Tools (57)

CLI blogging with Postie (via postie)

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Another blogging test using the postie plugin

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Dave’s Notepad

We were chatting in the morning and my colleague Dave said:

echo “blog post about distro choice” | mail -s “blog post”
that’s my ‘notepad’. 🙂

I thought that was pretty useful, but tried to make it easier by creating a bash alias. Turns out it’s better to use a bash function instead. (see this note). So my ‘jot’ function is:
function jot() { echo "$1" | mail -s "$2"; }

I also noticed, that emails sent from my laptop were not reaching. It seems Ubuntu comes with Exim4 as a default MTA. I’m not too familiar with Exim, so I used the occasion to learn a new trick.

I might use this for micro-blogging next… let me go set it up 🙂

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I’m not really the handy-man type. But it’s been frustrating to depend on others to setup the simplest things. So, last week I went shopping for some tools..

I found a good deal on a “Bosch” impact drill with a bunch of spare drills and other “accessories”.

I also got some shelves from the mall: those turned up nicely as a makeshift closet while we’re waiting for the IKEA closet to arrive by ground delivery from KSA (thanks Juliano for taking the trouble to send us those!)

Later, I got some hooks and setup a clothesline with some wires. That looked really good 🙂

After that, I setup some door stoppers, a plastic net so “the boss” (our cat) can go out to the balcony without venturing “outside” to the garden.

Next on my list is setting up a metal closet/racks in the office room. Also for the office, I’m getting a large white-board and a black foam board. Plenty to do and it’s lots of fun (so far).

Going back to my day job now!

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Firefox Search and Address Bar

One of the reasons Firefox has been my browser of choice since way back is mostly because it’s so easy to extend using addons and plugins of various complexity. I currently have a pretty long list of addons installed. I use all of them on a regular basis, and trim away the ones I no longer need.

A couple of weeks ago, I stumbled on the OmniBar plugin, which “integrates the search bar into the location bar”. It’s pretty useful on its own and gives me more space on the location bar to actually see long addresses (especially when using a netbook). It also reduces the amount of clicks/shortcuts needed to go from the page to the location bar or search bar. Incidentally, here’s a list of those:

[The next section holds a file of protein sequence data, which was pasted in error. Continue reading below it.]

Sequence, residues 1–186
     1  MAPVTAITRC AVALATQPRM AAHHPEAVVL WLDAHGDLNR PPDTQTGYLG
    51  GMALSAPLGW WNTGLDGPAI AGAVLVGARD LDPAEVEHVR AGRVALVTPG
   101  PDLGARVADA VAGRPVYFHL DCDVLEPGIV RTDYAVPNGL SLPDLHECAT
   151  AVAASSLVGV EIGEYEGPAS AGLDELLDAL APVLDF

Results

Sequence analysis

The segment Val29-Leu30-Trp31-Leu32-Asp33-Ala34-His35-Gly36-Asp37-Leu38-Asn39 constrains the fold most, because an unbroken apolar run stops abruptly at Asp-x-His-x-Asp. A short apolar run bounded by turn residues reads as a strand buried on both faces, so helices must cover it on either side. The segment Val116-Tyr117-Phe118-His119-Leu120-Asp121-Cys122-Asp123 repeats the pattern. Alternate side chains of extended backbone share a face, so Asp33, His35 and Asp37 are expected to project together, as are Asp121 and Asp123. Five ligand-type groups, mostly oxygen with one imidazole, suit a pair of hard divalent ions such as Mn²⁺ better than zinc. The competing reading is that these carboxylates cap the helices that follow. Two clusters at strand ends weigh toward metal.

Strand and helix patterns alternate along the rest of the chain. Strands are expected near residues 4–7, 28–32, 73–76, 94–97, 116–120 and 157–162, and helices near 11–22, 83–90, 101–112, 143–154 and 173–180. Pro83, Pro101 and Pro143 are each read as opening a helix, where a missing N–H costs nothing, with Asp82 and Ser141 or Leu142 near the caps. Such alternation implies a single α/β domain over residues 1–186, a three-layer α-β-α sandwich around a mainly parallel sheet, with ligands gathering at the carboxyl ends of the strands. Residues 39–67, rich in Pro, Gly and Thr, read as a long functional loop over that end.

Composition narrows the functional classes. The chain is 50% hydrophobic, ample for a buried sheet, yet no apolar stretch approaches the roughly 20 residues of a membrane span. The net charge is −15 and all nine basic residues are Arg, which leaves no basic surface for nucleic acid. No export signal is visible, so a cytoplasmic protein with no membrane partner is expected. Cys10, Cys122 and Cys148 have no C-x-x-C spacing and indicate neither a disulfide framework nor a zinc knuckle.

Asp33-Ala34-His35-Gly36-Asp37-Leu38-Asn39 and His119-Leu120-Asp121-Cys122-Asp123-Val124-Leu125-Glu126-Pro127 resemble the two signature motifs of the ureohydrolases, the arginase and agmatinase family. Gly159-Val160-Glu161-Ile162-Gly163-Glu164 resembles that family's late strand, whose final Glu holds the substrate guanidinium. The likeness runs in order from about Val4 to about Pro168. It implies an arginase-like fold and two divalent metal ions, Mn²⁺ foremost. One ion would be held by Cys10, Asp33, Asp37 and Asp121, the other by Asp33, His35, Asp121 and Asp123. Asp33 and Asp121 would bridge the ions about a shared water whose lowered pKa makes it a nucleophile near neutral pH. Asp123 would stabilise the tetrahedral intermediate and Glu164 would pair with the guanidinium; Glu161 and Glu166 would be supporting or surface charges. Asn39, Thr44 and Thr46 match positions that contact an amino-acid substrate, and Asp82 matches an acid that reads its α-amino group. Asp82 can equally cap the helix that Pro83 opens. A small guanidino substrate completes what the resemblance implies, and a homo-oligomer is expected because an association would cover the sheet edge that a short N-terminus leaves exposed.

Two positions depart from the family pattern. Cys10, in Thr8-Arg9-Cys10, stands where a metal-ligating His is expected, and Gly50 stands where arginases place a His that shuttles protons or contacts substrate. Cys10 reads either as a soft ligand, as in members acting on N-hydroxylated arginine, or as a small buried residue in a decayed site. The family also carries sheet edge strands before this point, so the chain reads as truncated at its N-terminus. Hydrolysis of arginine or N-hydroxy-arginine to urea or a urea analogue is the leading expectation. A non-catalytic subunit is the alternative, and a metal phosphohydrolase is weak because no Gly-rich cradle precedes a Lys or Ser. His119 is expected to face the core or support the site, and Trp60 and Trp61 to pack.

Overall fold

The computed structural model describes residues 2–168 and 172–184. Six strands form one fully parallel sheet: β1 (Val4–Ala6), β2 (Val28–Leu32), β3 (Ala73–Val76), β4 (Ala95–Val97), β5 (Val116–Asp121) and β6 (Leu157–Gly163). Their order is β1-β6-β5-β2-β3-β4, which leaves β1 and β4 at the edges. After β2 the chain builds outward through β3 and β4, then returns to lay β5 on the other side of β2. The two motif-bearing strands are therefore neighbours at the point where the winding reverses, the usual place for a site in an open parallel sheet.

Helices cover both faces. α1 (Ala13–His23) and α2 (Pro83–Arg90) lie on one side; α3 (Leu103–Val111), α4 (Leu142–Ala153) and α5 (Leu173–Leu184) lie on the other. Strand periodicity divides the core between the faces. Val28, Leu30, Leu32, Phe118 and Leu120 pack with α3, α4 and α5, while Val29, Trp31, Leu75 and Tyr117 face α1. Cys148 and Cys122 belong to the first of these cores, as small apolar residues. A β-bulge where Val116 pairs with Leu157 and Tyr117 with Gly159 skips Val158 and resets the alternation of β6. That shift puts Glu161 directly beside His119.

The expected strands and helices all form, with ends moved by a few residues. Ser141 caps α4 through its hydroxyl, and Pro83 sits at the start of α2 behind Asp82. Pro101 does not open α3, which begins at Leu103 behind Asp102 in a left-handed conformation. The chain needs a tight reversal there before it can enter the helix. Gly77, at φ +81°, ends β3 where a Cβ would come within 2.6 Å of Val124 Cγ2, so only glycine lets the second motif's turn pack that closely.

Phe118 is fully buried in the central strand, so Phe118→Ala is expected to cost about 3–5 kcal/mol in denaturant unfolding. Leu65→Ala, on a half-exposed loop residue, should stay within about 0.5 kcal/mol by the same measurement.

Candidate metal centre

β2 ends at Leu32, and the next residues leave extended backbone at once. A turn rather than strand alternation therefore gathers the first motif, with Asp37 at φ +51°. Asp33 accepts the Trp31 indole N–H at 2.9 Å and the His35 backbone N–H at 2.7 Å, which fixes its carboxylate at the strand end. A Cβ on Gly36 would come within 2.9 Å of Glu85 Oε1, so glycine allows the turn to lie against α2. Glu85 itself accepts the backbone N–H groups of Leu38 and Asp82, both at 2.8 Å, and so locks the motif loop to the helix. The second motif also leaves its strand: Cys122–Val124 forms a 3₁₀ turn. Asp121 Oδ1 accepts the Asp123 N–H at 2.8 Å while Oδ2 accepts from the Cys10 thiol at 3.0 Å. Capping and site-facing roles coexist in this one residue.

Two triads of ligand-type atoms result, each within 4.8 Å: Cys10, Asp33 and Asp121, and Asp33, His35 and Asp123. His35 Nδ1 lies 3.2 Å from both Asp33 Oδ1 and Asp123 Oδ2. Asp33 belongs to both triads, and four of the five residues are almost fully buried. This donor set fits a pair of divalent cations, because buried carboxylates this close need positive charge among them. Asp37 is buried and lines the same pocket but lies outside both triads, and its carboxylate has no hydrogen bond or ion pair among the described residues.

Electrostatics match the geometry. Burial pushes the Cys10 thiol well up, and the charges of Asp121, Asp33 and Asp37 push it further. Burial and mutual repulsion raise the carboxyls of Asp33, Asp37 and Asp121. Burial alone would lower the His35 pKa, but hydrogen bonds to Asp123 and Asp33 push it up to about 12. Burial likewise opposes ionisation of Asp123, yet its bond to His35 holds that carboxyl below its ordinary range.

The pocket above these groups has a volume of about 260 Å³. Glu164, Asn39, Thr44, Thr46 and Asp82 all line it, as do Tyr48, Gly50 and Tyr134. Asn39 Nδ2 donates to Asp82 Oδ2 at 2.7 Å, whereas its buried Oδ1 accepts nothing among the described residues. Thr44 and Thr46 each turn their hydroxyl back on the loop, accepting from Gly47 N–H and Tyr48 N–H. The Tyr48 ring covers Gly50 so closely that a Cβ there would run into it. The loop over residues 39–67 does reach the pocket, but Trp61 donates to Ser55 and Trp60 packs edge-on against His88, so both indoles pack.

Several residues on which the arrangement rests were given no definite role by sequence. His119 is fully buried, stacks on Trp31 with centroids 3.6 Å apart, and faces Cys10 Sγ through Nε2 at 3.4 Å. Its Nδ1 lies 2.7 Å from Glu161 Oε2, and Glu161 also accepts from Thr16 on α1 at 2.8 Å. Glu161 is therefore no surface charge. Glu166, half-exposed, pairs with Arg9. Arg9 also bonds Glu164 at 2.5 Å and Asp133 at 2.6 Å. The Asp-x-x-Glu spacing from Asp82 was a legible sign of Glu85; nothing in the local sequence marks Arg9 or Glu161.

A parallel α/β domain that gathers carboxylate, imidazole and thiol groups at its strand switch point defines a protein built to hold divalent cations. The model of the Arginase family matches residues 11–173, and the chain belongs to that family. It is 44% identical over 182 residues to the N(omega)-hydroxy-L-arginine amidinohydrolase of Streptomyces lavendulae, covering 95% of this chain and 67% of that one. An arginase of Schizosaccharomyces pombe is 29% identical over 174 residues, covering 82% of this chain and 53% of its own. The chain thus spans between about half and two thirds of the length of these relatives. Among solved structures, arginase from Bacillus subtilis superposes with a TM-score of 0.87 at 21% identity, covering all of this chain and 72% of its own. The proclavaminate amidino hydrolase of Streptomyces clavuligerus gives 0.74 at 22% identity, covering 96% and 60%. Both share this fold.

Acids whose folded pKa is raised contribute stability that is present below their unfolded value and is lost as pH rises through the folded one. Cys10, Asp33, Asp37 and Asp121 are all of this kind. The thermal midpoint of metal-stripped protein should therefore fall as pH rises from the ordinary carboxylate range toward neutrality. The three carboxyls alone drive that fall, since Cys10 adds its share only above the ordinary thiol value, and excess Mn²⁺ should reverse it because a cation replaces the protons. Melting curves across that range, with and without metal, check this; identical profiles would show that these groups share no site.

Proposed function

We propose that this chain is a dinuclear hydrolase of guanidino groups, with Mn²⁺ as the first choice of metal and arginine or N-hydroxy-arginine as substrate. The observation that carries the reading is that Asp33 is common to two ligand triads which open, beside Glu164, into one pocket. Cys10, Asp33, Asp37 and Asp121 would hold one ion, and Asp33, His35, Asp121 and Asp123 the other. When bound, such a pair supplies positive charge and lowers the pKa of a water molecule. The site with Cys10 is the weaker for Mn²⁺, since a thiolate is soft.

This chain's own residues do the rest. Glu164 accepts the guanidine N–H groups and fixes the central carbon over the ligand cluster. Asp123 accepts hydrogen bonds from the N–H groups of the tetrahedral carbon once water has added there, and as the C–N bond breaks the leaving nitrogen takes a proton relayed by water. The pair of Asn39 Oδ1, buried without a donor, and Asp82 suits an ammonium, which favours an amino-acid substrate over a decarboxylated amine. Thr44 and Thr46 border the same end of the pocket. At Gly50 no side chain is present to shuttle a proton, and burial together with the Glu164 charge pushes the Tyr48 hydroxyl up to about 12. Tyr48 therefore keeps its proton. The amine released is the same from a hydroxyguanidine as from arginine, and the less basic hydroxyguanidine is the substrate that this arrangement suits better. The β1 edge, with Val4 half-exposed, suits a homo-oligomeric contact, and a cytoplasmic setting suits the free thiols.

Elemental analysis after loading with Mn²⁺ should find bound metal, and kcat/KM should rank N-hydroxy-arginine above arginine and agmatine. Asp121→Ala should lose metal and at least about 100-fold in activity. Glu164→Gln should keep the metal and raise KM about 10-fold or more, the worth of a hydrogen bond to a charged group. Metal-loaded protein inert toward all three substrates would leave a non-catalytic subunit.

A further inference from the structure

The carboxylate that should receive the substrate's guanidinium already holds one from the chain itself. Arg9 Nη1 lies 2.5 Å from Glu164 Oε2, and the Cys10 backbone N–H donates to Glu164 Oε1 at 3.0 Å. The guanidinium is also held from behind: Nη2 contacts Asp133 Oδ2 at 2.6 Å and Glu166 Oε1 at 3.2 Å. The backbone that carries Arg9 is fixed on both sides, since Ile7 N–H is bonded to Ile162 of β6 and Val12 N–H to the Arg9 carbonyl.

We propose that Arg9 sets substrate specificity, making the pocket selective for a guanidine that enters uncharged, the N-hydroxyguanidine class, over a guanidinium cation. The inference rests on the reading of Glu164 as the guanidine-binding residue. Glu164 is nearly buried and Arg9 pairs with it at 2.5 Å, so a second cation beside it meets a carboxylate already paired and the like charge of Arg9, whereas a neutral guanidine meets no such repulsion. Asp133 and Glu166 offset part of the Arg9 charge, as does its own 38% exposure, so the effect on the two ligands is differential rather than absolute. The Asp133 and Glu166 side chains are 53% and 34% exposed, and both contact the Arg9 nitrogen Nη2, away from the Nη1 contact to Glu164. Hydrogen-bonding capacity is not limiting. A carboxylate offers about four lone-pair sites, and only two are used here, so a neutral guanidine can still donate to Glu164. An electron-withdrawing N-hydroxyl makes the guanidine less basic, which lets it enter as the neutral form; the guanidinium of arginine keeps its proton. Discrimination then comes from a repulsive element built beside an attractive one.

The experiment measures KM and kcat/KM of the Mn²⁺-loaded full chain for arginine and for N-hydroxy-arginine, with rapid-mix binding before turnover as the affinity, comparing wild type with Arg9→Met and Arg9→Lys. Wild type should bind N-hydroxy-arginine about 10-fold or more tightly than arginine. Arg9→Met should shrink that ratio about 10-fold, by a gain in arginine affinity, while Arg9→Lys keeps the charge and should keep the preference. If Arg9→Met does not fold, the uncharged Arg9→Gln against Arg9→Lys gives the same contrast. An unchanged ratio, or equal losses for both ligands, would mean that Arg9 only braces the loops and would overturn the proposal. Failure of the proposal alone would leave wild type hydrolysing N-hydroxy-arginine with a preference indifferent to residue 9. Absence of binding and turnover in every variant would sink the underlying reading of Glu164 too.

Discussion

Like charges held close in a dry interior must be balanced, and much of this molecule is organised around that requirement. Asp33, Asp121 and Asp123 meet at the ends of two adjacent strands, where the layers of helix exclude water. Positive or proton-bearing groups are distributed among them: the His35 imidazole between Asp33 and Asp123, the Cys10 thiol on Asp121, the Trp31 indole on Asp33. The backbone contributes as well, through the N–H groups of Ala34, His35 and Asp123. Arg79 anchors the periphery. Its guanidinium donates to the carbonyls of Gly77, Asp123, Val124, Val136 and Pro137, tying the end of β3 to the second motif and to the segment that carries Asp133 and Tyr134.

• Select location bar: Ctrl/Cmd+L or Alt+D
  • Select search bar: Ctrl/Cmd+K
  • Back: Backspace or Alt/Cmd+Left
  • Forward: Alt/Option+Right or Shift+Backspace
  • Change search engine: Ctrl/Cmd+Down (Next) +Up (Previous)

I use the search bar and different search engines quite often during the day. Including custom searches I use for work. Using OmniBar saves me from manually changing the search engine every time. I can simply do the following:

  • Select location bar: Ctrl/Cmd+L or Alt+D
  • Type “@engine-name keywords

In fact, you don’t have to type the full engine name. You can simply type the first letter (or couple of letters if you have two engines that collide). For example I can do:

  • @imdb gone with the wind
  • @i gone with the wind
  • @m

And it’s very easy to add new search engines. Simply go to the mycroft project and choose the engine you need. Or if you want a custom search engine here’s the recipe I use:

My Search Engine
Search the XYZ site from the Firefox searchbar

You can hack the above, or simply generate a search plugin at

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List top 10 visitors by IP

The quick and dirty way:
cat $LOGFILE | awk '{ print $1 }' | uniq -c | sort -nr | head -n10

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HOWTO Snoop terminal session

  • December 27, 2007
  • Tools

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  • January 19, 2007
  • Tools

global $userdata;

if ($userdata->user_level == 0) {
echo “sorry, this feature is only for logged in users”;
} else {
echo $myform;


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